This year’s bear market has unsurprisingly stunted the sharp rises in crypto prices seen over the last few years, and volumes of trading activity on exchanges have been massively depressed. Regardless of this, when looking at payments, which is the original use case this technology was designed for, crypto has continued to go from strength to strength. In 2022, despite all the market negativity, more and more users from emerging markets have been onboarded into crypto, driven mostly by the demand for stablecoins, and they’re continuing to use them for making cross border payments.
According to Chainalysis’ yearly report “Geography of Crypto 2022”, there has been meaningful crypto activity in 142 countries, with each country having a different driving factor to meet their specific social, political, and economic needs. We’ve taken a look at the key insights from this year’s adoption data.
Emerging markets still dominate
Emerging markets still take a big lead in crypto adoption, with Vietnam topping the chart for the second year. The continued growth seen in developing countries, even in times of market volatility, has proven that people are using crypto in everyday life, and there are genuine use cases for the wider population to use crypto for day-to-day needs.
More specifically in emerging markets, the lower middle and upper middle income countries have been found to depend on crypto to send remittances, preserve savings, and fulfil other financial needs relative to their economies. Digital assets are providing tangible benefits to people living in such volatile economic conditions.
Latin America using crypto for day-to-day purchases
LATAM has seen extreme growth of 40% from 2021-2022. However, markets in this region are particularly varied in the types of transactions they’re using crypto for, three key use cases include:
• Storing value
• Sending remittances
• Speculative investing
Trends in this market show that where there is a weak economy, crypto is used mainly for remittances, where there is high inflation, it is used as a store of value. For example in Venezuela and Argentina, where there is an inflation rate of 114% and 79% respectively, fiat currencies have lost around half their value within the last 12 months. Conversely, in Brazil where the market is developed, crypto is seen and used as a speculative investment.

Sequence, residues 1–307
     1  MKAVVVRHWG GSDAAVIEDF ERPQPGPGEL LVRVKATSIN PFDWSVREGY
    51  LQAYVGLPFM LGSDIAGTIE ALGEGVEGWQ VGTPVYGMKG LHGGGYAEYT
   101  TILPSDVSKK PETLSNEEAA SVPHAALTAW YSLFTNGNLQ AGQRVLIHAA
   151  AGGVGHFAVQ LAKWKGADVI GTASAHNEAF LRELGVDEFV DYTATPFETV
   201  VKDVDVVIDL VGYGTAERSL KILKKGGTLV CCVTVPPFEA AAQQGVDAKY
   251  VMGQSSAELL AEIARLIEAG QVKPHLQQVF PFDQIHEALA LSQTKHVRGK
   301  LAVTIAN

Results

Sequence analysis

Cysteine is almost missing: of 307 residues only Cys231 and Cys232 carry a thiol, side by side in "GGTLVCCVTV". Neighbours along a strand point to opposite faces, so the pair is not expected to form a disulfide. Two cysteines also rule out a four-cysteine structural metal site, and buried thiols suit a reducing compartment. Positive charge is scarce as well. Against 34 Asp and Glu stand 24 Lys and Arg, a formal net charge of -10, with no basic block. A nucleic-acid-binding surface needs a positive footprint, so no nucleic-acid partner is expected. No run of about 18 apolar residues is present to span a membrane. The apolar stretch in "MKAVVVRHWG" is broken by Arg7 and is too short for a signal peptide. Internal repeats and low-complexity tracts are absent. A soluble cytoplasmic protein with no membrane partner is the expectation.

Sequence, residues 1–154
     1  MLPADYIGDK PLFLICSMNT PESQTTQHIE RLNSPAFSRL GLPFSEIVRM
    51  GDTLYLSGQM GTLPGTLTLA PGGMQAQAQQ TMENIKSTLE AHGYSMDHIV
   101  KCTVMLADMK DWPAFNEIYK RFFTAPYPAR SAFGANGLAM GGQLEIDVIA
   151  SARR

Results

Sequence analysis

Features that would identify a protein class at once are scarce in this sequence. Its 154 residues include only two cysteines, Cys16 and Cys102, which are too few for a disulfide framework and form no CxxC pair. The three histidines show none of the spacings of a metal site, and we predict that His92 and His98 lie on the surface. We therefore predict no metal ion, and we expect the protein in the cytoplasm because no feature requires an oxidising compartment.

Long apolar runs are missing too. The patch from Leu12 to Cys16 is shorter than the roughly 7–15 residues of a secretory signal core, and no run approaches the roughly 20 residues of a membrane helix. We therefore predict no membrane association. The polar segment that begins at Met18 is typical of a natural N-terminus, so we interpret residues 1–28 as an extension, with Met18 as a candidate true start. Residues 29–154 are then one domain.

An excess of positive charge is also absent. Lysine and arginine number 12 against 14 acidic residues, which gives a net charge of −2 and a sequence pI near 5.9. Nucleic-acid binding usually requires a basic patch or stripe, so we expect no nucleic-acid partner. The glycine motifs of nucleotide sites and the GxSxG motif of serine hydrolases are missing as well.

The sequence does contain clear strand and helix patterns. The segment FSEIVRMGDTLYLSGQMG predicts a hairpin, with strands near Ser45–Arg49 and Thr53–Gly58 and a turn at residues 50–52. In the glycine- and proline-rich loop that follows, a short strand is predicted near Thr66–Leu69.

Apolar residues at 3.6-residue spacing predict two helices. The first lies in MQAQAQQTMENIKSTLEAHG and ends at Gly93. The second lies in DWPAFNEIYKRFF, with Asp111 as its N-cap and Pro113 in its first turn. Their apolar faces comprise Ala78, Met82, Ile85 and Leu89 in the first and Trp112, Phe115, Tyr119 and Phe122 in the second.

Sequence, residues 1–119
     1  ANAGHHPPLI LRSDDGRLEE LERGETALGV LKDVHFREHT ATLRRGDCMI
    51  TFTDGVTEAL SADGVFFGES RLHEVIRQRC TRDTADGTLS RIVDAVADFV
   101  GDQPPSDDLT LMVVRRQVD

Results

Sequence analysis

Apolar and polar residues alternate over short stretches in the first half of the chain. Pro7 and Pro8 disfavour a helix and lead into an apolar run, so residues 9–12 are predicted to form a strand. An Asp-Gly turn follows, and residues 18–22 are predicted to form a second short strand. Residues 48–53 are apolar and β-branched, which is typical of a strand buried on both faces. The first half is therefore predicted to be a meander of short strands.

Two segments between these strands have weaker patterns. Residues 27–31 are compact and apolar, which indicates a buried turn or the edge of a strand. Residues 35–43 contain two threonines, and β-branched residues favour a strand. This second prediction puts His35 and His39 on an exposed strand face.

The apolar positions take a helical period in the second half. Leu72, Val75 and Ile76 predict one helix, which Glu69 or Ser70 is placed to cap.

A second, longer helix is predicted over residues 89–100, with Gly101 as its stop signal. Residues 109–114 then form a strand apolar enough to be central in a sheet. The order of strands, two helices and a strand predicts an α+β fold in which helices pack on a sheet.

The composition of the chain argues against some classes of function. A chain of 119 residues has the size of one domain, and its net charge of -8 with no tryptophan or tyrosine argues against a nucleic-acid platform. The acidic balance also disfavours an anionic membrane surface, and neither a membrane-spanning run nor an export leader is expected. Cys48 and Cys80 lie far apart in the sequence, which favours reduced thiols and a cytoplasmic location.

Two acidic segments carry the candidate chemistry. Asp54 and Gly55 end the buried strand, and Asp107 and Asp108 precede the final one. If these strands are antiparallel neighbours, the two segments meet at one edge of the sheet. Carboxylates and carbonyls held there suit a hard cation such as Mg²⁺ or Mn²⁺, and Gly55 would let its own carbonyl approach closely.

MENA region burst onto scene in 2022
MENA is now the fastest growing region overall, increasing 48% since last year - Egypt and Saudi Arabia particularly stand out in the report findings. Like LATAM, there are different use cases playing out across populations, all of which are driving overall adoption within MENA. For example, in Turkey and Egypt, high adoption corresponds with the devaluation of their local fiat currency. However, in the UAE , high growth has been due to many new businesses resettling here, and it becoming a hub for crypto companies that serve customers across Asia and Africa.
Excitingly, this year we saw Morocco pass crypto regulations that emphasise innovation and consumer protection, which is in sharp contrast to their stance on crypto back in 2017, when they declared that any crypto transaction within the country would result in penalties and fines.
Sub-Saharan Africa data is deceptive
Despite Africa having a low crypto transaction volume of $100.6 billion received between July 2021 and June 2022, representing 2% of global activity, it accommodates some of the most well developed cryptocurrency markets of all regions. Stablecoin adoption boasted an increase of 7% in 2019, to 40% in 2022, highlighting the fast growth of this market. It holds the largest P2P market relative to other countries, with Nigeria and Kenya leading the way.
What’s next for crypto in 2023?
2022 was a year of lessons for the industry, but crypto adoption has been able to weather the storm. We forecast several positive developments over the next 12 months:
• Regulation in the space will likely be fast tracked - we see this as a great opportunity to rebuild trust and support crypto recovery.
• Whilst inflation is still high, we expect crypto markets to continue trading sideways for a further six-months. Once the macro global economy starts to see improvements, and interest rates stop increasing, growth will return.
• More and more users from emerging markets will continue to adopt digital assets, driven by lack of trust for local currencies, and stablecoins acting as a proxy-dollar, which they are unable to access via local banks.
• After the events of last year, we expect those seeking to participate in the crypto market will be shifting their focus towards selecting service providers and counter-parties who are regulated, with complete loss of trust for offshore unregulated offerings.
The outlook is encouraging, especially around the real reason crypto was born, to facilitate digital payments. E-commerce is increasingly believing in the technology and the cost efficiencies it offers. As its true utility is illuminated, we are confident we will see crypto payments take centre stage and uptake will accelerate for merchants, consumers and the wider business landscape.